He was a man of broad vision and liberal views and an early advocate of Catholic Emancipation when such views were unpopular in TCD.

The story is told that on one occasion he was showing a lady around the library in TCD. Clasping her hands together, she exclaimed: “Oh Mr Provost, pray Mr Provost, have you read all these books?” To this he replied: “In time my dear lady, in time.”

His house, Sorrento Cottage, is now owned by The Edge of U2. MacDonnell named the house after Sorrento on the Bay of Naples, and he compared Killiney Bay with the Bay of Naples and the Great Sugar Loaf with Mount Vesuvius.

In 1845, the family built Sorrento House, the first and largest of the houses on Sorrento Terrace. The family stipulated that each house had to adhere strictly to the design of architects Frederick Darley and Nathaniel Montgomery.

Coliemore Harbour this afternoon … like a small village in Cinque Terre (Photograph: Patrick Comerford, 2016)

Down at Coliemore Harbour this afternoon, the scene with colourful upturned boats was more like one of the small villages in Cinque Terre than Sorrento. There were views out to the Dalkey Islands, and we took further advantage of the views from the park above the harbour.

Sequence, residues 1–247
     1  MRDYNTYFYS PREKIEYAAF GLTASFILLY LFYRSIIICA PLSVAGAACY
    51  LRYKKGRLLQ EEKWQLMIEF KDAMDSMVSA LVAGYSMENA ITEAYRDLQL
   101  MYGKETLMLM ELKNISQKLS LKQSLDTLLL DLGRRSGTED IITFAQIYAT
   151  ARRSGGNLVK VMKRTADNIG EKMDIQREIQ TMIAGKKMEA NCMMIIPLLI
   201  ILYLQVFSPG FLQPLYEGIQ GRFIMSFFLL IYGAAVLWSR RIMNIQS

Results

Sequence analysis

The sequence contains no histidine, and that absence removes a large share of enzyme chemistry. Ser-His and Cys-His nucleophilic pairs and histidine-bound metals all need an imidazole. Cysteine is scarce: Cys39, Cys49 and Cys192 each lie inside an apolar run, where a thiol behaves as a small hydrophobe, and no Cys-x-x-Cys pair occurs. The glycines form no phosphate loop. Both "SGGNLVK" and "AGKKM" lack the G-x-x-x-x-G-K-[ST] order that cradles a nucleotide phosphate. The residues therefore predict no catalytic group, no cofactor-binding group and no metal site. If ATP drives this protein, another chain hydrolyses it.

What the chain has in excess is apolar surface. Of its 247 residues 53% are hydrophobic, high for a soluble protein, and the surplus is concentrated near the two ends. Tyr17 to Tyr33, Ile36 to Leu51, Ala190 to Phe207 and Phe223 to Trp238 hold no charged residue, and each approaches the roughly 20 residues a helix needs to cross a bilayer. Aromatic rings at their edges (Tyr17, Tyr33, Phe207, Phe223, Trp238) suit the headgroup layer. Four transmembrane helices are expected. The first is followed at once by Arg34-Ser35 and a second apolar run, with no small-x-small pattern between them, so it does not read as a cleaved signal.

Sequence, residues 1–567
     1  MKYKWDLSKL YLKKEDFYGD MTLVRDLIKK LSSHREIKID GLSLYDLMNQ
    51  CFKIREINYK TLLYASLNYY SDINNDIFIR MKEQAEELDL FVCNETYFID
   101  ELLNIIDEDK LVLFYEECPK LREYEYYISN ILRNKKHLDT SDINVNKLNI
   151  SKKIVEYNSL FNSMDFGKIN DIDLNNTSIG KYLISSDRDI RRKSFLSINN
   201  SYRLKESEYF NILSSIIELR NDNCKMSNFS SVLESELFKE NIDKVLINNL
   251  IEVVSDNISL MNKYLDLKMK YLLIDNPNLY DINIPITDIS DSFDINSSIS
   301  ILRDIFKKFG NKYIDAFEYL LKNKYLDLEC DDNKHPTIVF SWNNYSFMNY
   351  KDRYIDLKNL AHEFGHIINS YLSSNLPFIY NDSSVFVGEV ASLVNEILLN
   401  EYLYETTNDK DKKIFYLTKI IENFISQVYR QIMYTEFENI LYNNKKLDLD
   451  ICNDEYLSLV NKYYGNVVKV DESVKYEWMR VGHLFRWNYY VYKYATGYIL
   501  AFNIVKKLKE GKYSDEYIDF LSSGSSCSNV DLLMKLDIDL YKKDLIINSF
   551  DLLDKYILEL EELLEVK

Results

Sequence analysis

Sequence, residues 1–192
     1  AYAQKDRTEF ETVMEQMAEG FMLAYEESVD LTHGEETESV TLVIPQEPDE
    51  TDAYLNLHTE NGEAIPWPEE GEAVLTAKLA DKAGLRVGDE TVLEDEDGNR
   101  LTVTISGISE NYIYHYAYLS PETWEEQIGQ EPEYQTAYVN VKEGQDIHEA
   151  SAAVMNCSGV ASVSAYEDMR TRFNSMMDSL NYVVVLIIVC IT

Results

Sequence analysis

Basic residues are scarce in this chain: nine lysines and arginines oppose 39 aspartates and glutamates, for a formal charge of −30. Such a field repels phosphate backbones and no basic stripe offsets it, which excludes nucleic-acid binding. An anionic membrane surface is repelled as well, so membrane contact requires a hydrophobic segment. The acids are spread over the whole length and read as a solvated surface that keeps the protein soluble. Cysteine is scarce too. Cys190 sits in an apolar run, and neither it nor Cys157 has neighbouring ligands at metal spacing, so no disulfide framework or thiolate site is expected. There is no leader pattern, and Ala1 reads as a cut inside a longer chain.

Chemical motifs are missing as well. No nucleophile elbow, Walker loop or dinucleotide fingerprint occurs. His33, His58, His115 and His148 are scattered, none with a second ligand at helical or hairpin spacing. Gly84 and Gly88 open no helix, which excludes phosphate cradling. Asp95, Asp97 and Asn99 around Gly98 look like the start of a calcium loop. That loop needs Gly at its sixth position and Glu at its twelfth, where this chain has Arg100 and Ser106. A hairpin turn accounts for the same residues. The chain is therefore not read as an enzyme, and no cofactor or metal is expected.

Queenstown Castle … one of the many Victorian Houses on Coliemore Road (Photograph: Patrick Comerford, 2016)

Coliemore Road is lined with an interesting collection of Victorian Houses, including Queenstown Castle and Springfield House.

Behind a more modern block of apartments known as Berwick House, is the site of Scotch Rath. Here I found a fading memorial to Walter Berwick, son of the Revd Edward Berwick of Leixlip, Co Kildare, who was the second President of the Queen’s College, Galway (now NUI Galway) from 1850 until he died in office in 1877. The memorial was erected by his wife Harriette Berwick and also remembers their only child Harriette Mary Berwick.

The memorial to Walter Berwick on the site of Scotch Rath (Photograph: Patrick Comerford, 2016)

From Dalkey we continued on to Bray, for a late lunch in Carpe Diem and a walk along the beach and the promenade. It was a fitting end to a busy weekend.